How do I use npm to show the latest version of a module? I am expecting something like npm --latest express to print out v3.0.0.


10 Answers 10


You can use:

npm view {pkg} version

(so npm view express version will return now 3.0.0rc3).

  • 68
    npm view, npm show, npm info, and npm v all do the same thing.
    – Evan Hahn
    Commented May 26, 2014 at 8:36
  • 8
    this way involves loads poking around to find latest version, npm outdated seems to be the best way
    – demee
    Commented May 19, 2016 at 13:55
  • 1
    How can you show latest stable version. i.e. not beta version
    – skyfoot
    Commented Apr 7, 2017 at 9:09
  • 4
    ah npm show {pkg} versions. version can be plural which will show all versions.
    – skyfoot
    Commented Apr 7, 2017 at 9:11
  • 2
    If only there was a way to check the versions of multiple packages like this in one bulk request to the registry. Is there? Commented Oct 1, 2020 at 12:02

If you're looking for the current and the latest versions of all your installed packages, you can also use:

npm outdated

  • 3
    I've looked at the whole post at least 5 times when I need to get the latest version of packages and I had never seen this, but it seems easier than running a number of other commands to check if you have libraries out of date Commented Oct 7, 2016 at 13:18
  • 2
    to learn what the columns mean: stackoverflow.com/questions/32689865/npm-wanted-vs-latest
    – adamdport
    Commented May 9, 2017 at 14:11
  • 2
    a nice video explains how outdated and update work from NPM docs.npmjs.com/getting-started/updating-local-packages
    – XYZ
    Commented Sep 10, 2018 at 5:21
  • 1
    THIS IS THE MOST USEFUL! I wish npm update would just run this too - so I can at least see the latest versions. When you only run these commands once a month or so it's hard to remember all the options. Commented Apr 3, 2019 at 1:38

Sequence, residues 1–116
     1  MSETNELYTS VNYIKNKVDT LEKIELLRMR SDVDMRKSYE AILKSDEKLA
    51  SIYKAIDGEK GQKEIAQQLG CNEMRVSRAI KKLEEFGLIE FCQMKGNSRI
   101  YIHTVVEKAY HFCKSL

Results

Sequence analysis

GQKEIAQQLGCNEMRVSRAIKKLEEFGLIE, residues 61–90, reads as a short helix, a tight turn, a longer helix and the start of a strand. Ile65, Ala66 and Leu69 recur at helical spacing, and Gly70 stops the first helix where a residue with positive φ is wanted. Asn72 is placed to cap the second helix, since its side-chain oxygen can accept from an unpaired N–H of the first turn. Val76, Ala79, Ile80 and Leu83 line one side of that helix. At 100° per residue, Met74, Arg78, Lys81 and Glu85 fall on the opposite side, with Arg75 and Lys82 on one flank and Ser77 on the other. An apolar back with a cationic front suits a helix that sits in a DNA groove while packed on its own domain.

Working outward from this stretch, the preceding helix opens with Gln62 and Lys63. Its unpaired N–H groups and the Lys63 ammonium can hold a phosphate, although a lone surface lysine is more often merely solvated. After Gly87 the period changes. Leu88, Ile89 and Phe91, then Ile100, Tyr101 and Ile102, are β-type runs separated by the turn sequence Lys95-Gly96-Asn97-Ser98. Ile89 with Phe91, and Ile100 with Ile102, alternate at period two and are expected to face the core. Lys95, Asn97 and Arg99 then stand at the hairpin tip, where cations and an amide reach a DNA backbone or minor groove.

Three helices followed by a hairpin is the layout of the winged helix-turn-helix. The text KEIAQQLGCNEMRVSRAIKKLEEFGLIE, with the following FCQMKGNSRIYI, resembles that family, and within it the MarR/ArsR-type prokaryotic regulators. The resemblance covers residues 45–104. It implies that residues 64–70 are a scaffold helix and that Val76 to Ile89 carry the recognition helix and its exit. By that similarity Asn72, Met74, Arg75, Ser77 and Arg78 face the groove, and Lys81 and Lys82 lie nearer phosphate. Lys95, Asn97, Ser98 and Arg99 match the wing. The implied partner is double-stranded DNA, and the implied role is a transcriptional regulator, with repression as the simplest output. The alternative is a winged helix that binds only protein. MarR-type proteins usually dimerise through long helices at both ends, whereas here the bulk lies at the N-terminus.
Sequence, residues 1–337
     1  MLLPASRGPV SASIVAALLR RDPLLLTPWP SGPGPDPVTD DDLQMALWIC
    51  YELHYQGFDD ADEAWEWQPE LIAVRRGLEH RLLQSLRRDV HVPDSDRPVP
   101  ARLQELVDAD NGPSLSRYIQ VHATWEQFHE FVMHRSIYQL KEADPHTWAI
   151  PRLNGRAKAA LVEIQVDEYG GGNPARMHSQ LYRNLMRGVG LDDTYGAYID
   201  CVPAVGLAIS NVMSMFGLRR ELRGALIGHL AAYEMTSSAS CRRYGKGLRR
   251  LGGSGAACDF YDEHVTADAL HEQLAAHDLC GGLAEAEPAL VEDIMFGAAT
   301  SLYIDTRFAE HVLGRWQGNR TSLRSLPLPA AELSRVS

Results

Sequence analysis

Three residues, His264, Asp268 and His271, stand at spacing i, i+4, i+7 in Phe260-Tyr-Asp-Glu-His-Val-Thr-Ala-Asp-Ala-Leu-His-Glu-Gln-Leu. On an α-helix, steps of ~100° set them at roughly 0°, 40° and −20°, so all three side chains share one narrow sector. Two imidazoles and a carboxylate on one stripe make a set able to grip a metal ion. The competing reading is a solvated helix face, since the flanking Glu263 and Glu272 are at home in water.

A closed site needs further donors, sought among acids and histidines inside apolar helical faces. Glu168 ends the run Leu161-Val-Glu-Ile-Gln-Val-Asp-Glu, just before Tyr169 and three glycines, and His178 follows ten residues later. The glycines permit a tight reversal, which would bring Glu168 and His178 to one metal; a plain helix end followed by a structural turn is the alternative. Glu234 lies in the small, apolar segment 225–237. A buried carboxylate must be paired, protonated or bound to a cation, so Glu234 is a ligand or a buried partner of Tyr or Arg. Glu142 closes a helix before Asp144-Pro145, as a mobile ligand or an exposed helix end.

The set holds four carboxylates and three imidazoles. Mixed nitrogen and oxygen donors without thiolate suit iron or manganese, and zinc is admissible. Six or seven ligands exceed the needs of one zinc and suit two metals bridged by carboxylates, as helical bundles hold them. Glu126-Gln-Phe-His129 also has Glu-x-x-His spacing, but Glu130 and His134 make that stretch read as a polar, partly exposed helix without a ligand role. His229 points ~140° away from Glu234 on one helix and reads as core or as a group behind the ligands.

• Except never mind - no it isn't. It shows me a completely blank column for latest, where I know some things have newer major versions :-/ Commented Apr 3, 2019 at 1:40

As of October 2014:

npm view illustration

For latest remote version:

npm view <module_name> version  

Note, version is singular.

If you'd like to see all available (remote) versions, then do:

npm view <module_name> versions

Note, versions is plural. This will give you the full listing of versions to choose from.

To get the version you actually have locally you could use:

npm list --depth=0 | grep <module_name>

Note, even with package.json declaring your versions, the installed version might actually differ slightly - for instance if tilda was used in the version declaration

Should work across NPM versions 1.3.x, 1.4.x, 2.x and 3.x

  • 3
    How would you get the last entry in npm view <module_name> versions? Commented Dec 8, 2014 at 3:10
  • 1
    npm view <module_name> versions command is very useful. + we can install a specific version of a package using npm install <module_name>@<version_number>
    – efkan
    Commented Dec 19, 2014 at 12:20
  • 1
    The last command, it's such an ugly and a challenging thing to remember. I wonder why they have not come up with a shorthand for that? for the local version or same as the other two, but with a -L (lowercase optional)?
    – Val
    Commented Feb 29, 2016 at 11:59

You can see all the version of a module with npm view. eg: To list all versions of bootstrap including beta.

npm view bootstrap versions

But if the version list is very big it will truncate. An --json option will print all version including beta versions as well.